Monthly Archives: February 2015

Authentic Power: Week 6 2015

Power is a loaded term. Perhaps more confusing and misunderstood than any of the other virtues I’ve contemplated thus far. We tend to regard power in terms of having power over something or someone. This sense of personal superiority is distinct from true power. It’s very life force is premised upon needing someone to be inferior so it can express its power over it. This, of course, is the ego’s method of overcompensating for its own sense of inferiority. Truly authentic power knows no comparison. It is not derived from being more than anyone else. It is derived from knowing ourselves at the depth of our being.

I’ve chosen to write about authentic power because it’s something that in all honesty has been somewhat of an internal struggle to fully realize. And I feel compelled to share this because it’s when I’m unabashedly honest that I feel most powerful, most real. It would be easy to write or teach yoga from a false platform of pretend power. I can say something wise or invoke charisma to seem powerful. But I’m not interested in seeming powerful anymore. I’m interested in being powerful. I’m interested in being real.

And in it’s most real sense, power is a virtue I’ve had to discover through necessity. Through feeling powerless. What I’m speaking of is not necessarily powerlessness in my capacity to be productive or to affect change. I’m talking about the conversation we are having with ourselves. The one we are rarely bold enough to reveal to the world. I’m talking about giving more power to what I know as truth, within the very moments of emotional obliteration. It’s easy to feel powerful in the moments where I feel my life flowing. But I’m interested in bolstering my power in those moments I’m triggered emotionally, where my false story re-emerges and I feel panic or anxiety or deep sadness. To claim my truth in those moments- that’s my yoga practice. That is truly powerful.

And here’s what I’ve realized: for so many years when I’ve felt that silent anxiety begin to rush through me and waves of darkness take over, I would believe it was real. I would derive my sense of self from my depleted emotional state. And I would become guarded- even if no one could tell. Concealing our sense of powerlessness is something we can get good at.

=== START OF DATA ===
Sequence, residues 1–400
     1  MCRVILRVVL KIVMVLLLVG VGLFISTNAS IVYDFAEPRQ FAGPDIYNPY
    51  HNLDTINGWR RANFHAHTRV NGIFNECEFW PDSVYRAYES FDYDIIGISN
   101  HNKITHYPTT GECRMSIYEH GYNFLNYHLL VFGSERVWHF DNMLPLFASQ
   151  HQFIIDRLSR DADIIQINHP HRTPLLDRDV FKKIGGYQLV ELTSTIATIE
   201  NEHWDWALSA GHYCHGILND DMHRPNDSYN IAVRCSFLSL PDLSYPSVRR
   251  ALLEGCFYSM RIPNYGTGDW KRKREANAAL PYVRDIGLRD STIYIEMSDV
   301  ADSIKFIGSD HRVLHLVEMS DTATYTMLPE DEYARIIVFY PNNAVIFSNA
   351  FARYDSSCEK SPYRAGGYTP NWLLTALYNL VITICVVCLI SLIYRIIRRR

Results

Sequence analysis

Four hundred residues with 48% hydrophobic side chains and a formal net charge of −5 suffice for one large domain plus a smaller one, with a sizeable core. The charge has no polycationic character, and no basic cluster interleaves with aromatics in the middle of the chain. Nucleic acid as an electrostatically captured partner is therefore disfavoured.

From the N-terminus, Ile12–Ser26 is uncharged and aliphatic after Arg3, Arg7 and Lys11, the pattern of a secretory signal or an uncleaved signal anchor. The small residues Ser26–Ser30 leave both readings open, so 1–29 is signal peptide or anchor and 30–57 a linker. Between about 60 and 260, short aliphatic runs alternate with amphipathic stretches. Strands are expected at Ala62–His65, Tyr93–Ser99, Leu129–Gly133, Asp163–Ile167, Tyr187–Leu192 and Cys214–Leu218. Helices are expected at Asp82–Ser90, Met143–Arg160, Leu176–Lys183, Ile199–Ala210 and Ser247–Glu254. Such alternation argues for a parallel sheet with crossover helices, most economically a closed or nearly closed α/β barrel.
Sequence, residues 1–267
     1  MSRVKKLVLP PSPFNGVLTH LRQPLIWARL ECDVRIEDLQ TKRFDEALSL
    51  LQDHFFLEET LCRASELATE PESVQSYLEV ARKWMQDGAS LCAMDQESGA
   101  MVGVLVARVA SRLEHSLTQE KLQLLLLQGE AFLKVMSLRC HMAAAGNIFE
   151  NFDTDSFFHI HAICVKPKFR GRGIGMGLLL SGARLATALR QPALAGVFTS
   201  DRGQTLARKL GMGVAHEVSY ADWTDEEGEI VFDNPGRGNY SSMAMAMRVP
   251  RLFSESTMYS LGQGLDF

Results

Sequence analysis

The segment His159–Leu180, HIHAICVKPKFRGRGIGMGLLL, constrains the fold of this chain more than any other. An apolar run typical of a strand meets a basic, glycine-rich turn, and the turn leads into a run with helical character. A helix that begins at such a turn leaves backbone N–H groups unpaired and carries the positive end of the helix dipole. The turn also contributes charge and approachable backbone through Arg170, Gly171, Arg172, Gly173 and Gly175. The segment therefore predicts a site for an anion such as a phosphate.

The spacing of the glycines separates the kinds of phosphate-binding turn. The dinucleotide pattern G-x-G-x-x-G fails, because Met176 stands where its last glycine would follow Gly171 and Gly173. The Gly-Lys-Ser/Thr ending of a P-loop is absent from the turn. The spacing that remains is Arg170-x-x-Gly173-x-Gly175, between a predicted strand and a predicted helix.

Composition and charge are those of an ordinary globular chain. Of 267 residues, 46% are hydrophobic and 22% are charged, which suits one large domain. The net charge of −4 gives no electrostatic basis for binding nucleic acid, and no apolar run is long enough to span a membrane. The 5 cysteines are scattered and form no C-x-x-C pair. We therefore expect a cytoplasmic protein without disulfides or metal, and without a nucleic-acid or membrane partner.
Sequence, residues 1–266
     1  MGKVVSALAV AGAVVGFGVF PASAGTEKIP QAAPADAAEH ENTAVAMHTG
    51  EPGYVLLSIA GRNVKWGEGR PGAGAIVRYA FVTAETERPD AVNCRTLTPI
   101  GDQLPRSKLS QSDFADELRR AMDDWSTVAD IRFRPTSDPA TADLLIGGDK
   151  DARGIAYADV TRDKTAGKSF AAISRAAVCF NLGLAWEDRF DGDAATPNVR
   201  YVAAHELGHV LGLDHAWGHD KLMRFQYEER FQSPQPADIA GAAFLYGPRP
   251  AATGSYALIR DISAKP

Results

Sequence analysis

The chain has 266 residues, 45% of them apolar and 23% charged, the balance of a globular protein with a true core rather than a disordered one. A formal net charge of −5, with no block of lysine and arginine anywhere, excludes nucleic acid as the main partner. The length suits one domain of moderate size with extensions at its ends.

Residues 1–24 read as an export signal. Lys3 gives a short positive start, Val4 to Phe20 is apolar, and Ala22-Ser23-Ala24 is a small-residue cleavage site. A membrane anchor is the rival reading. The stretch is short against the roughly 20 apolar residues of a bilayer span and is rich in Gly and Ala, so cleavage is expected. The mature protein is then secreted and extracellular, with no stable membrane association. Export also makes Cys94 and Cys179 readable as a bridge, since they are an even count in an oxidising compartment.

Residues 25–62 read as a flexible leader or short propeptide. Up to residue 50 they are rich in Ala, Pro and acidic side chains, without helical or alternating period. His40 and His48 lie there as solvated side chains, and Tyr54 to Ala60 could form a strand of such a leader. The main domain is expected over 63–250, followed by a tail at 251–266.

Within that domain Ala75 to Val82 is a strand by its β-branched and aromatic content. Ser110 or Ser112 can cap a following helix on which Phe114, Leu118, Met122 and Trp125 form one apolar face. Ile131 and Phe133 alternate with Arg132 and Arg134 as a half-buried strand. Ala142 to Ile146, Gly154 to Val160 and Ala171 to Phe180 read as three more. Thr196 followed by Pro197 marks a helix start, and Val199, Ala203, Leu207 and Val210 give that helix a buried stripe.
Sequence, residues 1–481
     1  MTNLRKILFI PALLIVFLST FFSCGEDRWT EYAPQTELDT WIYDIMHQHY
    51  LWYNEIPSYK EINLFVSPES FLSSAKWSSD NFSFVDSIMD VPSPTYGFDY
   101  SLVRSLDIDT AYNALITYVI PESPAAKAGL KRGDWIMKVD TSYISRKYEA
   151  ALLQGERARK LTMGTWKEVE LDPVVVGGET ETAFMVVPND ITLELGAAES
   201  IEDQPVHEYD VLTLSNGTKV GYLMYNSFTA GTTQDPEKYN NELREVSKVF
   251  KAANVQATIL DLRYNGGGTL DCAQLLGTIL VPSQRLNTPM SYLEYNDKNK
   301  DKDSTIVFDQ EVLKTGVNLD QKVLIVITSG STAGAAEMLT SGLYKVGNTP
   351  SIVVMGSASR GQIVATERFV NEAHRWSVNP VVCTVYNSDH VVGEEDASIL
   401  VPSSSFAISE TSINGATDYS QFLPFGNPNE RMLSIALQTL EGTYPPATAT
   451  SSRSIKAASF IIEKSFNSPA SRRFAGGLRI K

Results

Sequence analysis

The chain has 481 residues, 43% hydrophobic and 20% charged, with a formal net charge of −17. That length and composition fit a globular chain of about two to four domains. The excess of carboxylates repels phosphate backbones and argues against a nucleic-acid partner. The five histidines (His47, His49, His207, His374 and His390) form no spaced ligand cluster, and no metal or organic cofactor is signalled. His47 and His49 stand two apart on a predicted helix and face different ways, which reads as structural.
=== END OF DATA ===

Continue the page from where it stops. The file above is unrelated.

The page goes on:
But what I’ve come to see is that guardedness never fulfills it’s intended function. Guardedness does not protect- it stifles our growth. The true force that prevents us from being overcome by powerlessness is truth itself. It is standing in the remembrance of who we are beyond our bodies, our possessions, our jobs, our roles, our beliefs and our emotions. It is standing in the remembrance of Self, of being, where power flows naturally not from us but through us. If we dig deep enough to know who we are at a root level, we will come to know the true meaning of authentic power.

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Autonomy: Week 5 2015

I think of autonomy as our individuated sense of self along with the personal responsibility we carry for our emotional states. This is a biggie. On a personal level, learning to reclaim my autonomy has been one of the most liberating practices I’ve encountered. And my sense is that it’s a biggie for many of us. Precisely because we give it up so unconsciously. Once we’ve realized we’ve lost it, we come to see that we’ve been operating in the pain paradigm.

The tricky part is we tend to lose it in the “good times”. Like what we call falling in love. An often unconscious process of trading in our sense of me for a sense of we. For awhile there is the me & you stage but then comes the fully enmeshed “us” stage. And we feel higher than the clouds. At this point, we are trapped because we will cling to not losing that high (premised upon the affection of another) or we will cling to wanting it back once it’s gone (premised upon the loss of affection of another). Been there? I have. And it’s painful as you know. Ultimately we must come to realize that we are not defined by someone else’s love for us and likewise we are not defined by someone else not loving us.

We are responsible for our own happiness. We are responsible for our own lives. Each of us is a brilliant light. It’s up to us to claim it as ours. It need not be validated by anyone else. It’s yours. But you can share it with whomever you wish. And you can honor the light in others. But please, please do not unconsciously make your light dependent upon another’s feelings for you. Yes, the light shares a common source of which we are all a part. But our individuality remains in tact.

Spirituality is not a process of getting rid of our individual self. Rather, it is the process of experiencing your individuality from the expanded basis of an underlying unity. If the embrace of unity squashes our individuality then that’s called co-dependency.

A friend recently told me she exchanged the word relationship for the word relatedness. I love this. May each of is exist in relatedness to eachother so that our autonomy remains in tact. This will not weaken our bonds. Conversely, it will bring to them greater freedom, less fear & attachment, more peace and the possibility for truly authentic love.